Our Knowledge of the Law: Objectivity and Practice in Legal Theory by George Pavlakos

AuthorVeronica Rodriguez‐Blanco
DOIhttp://doi.org/10.1111/j.1468-2230.2009.00746_5.x
Publication Date01 Mar 2009
In conclusion, there are a few elements in this text that should be read with a
rhetoricalpinch of salt, especially when Zucca departs from his comparative ana-
lysis and criticises jurisprudentialauthors at the expenses of the clarity of his own
argument. But these are minor concerns which do not detract from the overall
quality of what is, ¢nally, a highly sophisticated comparative analysis. Constitu-
tional Dilemmas is to be strongly recommended as an addition to the library of
constitutional lawyersand public law theorists, who might usefully insertextracts
into the reading lists for their postgraduate seminars.
Vito Breda
n
George Pavlakos, Our Knowledge of the Law: Objectivity and Practice in
Legal Theory
,Oxford: Hart Publishing, 2007, 267 pp, hb d37.80.
When a judge sentences or when legal o⁄cials apply the law, are they merely
following legal conventions or are they attempting to grasp legal facts? Do we
know legal facts in the same way that we have come to know natural facts? It is
arguable that we cannot because natural facts are known to us through exper i-
ments, observations, generalizations and explanatory laws and so on, whereas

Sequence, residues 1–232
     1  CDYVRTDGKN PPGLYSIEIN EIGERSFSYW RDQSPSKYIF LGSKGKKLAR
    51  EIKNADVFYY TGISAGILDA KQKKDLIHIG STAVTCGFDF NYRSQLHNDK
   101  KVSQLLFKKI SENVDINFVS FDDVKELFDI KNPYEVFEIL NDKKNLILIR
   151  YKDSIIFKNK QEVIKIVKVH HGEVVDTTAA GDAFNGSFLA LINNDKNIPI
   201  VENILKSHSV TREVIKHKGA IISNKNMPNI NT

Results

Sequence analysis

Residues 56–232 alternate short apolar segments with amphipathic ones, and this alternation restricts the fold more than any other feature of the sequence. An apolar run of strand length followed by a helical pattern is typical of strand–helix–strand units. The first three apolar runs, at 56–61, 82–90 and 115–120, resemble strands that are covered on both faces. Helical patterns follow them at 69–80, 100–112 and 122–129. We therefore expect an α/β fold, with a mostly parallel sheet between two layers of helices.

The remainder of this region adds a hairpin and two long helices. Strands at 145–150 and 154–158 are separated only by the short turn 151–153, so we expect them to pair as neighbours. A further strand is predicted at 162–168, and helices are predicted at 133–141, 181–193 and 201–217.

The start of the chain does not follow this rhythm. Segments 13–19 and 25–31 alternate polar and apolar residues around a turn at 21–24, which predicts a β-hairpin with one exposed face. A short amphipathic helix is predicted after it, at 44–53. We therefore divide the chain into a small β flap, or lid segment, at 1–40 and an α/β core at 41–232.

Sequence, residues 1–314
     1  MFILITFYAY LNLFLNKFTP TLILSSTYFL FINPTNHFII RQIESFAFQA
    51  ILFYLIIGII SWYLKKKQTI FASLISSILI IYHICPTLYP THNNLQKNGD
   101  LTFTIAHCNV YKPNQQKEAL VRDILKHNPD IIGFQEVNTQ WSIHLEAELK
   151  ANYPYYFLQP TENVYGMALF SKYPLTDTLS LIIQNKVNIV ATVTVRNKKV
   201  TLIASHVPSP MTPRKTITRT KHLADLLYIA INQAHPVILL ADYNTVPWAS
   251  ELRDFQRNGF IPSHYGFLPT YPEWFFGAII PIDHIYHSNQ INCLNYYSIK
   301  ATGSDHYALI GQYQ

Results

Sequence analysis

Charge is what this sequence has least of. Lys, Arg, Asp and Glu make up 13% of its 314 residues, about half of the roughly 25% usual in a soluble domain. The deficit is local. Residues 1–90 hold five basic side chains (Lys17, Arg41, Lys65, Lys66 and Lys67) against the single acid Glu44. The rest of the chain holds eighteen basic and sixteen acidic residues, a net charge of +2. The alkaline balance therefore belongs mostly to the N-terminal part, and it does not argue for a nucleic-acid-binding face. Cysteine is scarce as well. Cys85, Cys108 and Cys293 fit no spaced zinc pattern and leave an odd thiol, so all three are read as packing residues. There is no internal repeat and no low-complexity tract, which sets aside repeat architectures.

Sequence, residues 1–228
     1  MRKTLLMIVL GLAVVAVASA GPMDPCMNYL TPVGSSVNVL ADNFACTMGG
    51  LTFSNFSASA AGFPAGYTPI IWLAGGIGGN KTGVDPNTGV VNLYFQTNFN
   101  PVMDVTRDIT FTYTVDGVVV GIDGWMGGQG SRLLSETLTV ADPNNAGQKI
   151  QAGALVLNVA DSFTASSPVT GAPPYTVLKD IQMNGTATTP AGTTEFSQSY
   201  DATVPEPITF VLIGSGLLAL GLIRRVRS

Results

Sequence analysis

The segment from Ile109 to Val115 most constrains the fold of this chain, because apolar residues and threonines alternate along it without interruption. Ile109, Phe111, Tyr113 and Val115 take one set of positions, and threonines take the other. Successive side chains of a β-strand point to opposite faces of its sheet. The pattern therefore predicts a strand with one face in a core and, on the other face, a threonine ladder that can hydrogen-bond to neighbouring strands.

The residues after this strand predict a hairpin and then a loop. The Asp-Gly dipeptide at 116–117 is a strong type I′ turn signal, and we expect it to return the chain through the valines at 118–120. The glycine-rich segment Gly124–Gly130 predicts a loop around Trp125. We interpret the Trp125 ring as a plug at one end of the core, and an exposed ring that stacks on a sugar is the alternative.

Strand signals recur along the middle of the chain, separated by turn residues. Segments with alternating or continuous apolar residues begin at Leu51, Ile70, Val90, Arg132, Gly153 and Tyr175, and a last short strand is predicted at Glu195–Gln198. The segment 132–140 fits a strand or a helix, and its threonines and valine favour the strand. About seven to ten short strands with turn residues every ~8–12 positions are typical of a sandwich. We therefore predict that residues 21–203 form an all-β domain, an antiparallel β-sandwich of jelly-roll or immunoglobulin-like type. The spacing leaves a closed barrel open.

legal facts guide our actions and are therefore normative in character. The law
makes demands upon us, it commands us to take certain actions and it proscribes
certain others. Since legal facts belongto the domain of reasons and norms, unlike
natural facts which belong to the domain of causes, how then can we identify
them ^ and identifying them, apply them?
These questions are at the heart of Pavlakos’ book Our Knowledge of the Law:
Objectivity and Practice in Legal Theory a nd he argues that contemporary legal
theories have provided unsatisfactory responses to it. On one hand, Harts legal
theory, Pavlakos says, replaces legal facts with conventionalist criteria‘by repre-
senting legal practice as a £at enterprise which is exhausted by facts of behaviour
identi¢ed through a s econdary rule of obligation’(185). On the other hand, Pavla-
kos says that Dworkin’s legal theory adheres to a dualist understanding of legal
facts, which asserts that legal propositions are true in virtue of an independent
reality (198). For Dworkin, according to Pavlakos, legal knowledge can be
obtained because there are legal facts, characterized as properties in the world,
independent of our language and practices. He argues, furthermore, that Dwor-
kin cannot explain how these properties are individuated and they must, there-
fore, remain mysterious (204).We can say that this interpretation amounts to an
essentialist readingof Dworkin’s notion of objectivity. But is this an accurate read-
ing? In his article‘Truth and Objectivity;You’dBetter Believe It’ ((1996) Philosophy
andPublicA¡airs87), Dworkin explicitly rejects objectivity grounded on ‘essential
properties’ and asserts that the idea of normative objectsand properties impinging
upon us is ludicrous and mysterious. It appears, then, that Pavlakos’ view of
n
School of Law, Cardi¡ University
Reviews
327
r2009 The Authors. Journal Compilationr20 09 The Modern LawReview Limited.
(2009) 72(2) 313^329

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